Marvel Epic Collection: X-Men – Second Genesis

Marvel Epic Collection: X-Men – Second Genesis
X-Men Second Genesis review
  • North American Publisher / ISBN: Marvel - 978-1-3029-0390-9
  • Release date: 2017
  • UPC: 9781302903909
  • Contains adult content?: no
  • Does this pass the Bechdel test?: yes
  • Positive minority portrayal?: yes
  • CATEGORIES: Superhero

If there’s one Epic Collection awaited by fans of a certain age, it’s surely this gathering of the revived X-Men’s earliest issues from the mid-1970s. Previously only available as hardcovers (Omnibus, Masterworks: Uncanny X-Men 1 and 2) or in black and white on pulp paper (Essential X-Men vol 1), it’s a superb value package. It not only encompasses the core material from the X-Men’s own comic, but all other X-Men appearances from the period concerned. So, we have them teaming with Spider-Man (ho-hum), following that up with Spider-Man and the Hulk (not very good) meeting with Iron Fist (great), and Storm meeting Spider-Man and Thor (great again).

It’s often forgotten that in 1975 it was Len Wein responsible for creating the new X-Men team with artist Dave Cockrum’s character designs, and Chris Claremont only came on board to script their second appearance, but given the opportunity, he created a legend. So much of what he developed has been imitated by others that it’s no longer as fresh as it once was, but Claremont was always a man plotting for the long term, even when writing a title that couldn’t move to monthly publication and maintain the quality of Cockrum’s superbly expressive art. The anomalies are interesting. Claremont would later see Magneto as a very different character, and in the earliest appearances Wolverine is a more standard height. He’s further unsure whether to trust his senses. An early plot with duplicate X-Men, actually quite thrilling, wouldn’t work with Wolverine’s later hyper-enhanced senses. An interesting element concerns progressive attitudes. Well-meaning attempts to be inclusive by broadening the global scope of Marvel’s superheroes in some cases now come across as clumsy at best, and could be seen as offensive by others. The times have to be taken into account.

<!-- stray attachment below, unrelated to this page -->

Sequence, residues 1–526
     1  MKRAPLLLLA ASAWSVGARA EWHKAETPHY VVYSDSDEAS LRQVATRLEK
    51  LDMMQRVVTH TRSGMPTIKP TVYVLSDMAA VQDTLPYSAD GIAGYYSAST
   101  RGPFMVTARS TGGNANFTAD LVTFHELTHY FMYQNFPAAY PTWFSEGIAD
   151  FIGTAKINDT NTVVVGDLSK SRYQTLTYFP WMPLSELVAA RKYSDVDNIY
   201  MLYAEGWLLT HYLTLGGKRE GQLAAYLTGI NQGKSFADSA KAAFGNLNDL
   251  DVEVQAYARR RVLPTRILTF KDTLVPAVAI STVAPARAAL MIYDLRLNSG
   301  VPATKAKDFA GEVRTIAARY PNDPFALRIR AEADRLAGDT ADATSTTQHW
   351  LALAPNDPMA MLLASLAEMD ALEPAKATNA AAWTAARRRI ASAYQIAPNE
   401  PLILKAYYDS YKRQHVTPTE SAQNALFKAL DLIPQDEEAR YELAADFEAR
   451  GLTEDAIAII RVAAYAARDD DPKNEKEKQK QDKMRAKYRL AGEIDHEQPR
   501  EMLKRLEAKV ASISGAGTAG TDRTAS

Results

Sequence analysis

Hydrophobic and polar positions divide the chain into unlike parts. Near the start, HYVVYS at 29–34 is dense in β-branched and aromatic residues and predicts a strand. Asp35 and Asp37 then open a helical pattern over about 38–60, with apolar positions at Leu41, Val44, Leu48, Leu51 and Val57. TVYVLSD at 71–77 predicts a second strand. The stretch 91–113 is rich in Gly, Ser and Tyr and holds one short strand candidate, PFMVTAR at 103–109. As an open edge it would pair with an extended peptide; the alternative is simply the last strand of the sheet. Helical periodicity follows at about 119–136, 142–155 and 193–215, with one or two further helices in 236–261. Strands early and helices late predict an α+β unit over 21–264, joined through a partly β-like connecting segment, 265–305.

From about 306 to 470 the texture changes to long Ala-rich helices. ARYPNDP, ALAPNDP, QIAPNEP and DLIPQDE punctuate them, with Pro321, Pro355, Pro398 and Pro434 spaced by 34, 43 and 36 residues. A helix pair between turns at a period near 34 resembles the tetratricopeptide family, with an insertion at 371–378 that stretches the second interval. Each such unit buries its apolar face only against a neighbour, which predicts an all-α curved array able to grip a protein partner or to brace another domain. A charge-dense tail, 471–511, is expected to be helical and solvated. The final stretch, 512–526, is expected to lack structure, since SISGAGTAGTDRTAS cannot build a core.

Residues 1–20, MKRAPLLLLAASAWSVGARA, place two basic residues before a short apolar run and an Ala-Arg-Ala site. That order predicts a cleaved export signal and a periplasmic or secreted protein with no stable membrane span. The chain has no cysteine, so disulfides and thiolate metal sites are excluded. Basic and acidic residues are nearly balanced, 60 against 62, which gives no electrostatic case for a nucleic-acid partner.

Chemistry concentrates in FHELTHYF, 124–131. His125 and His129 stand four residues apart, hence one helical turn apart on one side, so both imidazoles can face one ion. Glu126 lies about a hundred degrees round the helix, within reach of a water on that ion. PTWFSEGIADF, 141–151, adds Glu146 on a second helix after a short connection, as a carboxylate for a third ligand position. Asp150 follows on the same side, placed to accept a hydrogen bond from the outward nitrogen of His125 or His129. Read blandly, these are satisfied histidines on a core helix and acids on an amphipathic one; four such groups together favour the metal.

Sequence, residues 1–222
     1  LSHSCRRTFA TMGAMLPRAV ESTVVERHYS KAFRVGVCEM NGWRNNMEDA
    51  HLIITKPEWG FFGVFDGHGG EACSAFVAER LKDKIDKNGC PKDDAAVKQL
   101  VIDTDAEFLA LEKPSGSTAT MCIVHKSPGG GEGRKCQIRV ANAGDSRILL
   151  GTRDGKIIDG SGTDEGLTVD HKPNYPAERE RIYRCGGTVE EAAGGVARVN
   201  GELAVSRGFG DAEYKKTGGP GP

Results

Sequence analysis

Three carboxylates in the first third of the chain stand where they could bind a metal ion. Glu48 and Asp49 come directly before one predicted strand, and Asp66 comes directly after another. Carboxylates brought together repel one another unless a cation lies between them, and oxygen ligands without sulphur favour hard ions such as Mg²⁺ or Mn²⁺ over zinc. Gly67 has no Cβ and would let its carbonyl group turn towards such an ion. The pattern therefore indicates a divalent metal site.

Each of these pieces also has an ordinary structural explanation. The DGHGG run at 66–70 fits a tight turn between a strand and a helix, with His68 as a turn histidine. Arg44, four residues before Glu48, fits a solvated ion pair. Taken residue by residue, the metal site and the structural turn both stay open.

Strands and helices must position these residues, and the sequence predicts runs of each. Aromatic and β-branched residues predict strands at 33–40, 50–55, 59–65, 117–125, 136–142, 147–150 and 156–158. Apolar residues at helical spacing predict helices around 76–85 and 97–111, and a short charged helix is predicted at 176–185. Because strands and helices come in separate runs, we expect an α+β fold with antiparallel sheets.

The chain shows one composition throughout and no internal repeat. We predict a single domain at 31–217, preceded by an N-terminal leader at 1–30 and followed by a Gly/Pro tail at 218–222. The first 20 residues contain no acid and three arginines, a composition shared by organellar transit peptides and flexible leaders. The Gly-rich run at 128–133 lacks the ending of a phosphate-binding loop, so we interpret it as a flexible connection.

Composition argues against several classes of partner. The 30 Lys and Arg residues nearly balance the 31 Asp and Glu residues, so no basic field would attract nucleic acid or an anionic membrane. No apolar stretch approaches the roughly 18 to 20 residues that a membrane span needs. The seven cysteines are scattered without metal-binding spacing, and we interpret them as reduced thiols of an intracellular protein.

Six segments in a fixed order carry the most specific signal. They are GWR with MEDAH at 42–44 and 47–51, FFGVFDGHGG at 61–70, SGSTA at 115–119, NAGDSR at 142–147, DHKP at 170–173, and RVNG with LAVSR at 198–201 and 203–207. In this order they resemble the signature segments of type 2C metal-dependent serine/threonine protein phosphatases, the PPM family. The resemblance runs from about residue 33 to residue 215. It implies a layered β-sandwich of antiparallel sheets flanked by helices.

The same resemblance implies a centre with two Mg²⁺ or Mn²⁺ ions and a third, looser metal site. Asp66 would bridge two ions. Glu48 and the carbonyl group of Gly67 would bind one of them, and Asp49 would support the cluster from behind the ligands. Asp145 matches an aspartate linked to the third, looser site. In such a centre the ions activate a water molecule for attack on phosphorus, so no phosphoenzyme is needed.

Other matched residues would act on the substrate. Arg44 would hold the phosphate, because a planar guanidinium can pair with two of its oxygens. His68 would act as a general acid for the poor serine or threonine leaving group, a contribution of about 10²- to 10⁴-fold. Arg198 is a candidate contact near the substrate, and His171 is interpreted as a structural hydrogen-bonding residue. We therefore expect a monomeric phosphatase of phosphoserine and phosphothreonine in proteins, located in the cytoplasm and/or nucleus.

An extremely harmonious creative relationship between Claremont and Cockrum extended to subsequent artist John Byrne, only seen illustrating the X-Men as we near the end of the book. While his style is more graphic than illustrative it’s equally dynamic and he’s another artist happy to pack his panels with detail. Those artists producing fill-ins presumably did so at short notice, but none impress in comparison.

Highlights? A tidy introductory story involving X-Men old and new, although the conclusion asking what’s to be done with as many as thirteen X-Men is unintentionally hilarious when there have since been hundreds. Jean Grey becomes Phoenix, eventually leading the X-Men into space where they meet the Imperial Guard. The Starjammers are also introduced, and the character interactions work extremely well, if relying a little too much on thought balloons for modern tastes.

Unlike some other Epic Collections, Marvel have gone the extra mile with regard to bonus material, providing a full 49 pages of it. There are plenty of Cockrum’s character and costume designs, including some potential X-Men never introduced, several articles from the 1970s, original art and more. It’s very welcome. Ultimately, however, it’s the stories that provide the value, and they’re still very readable.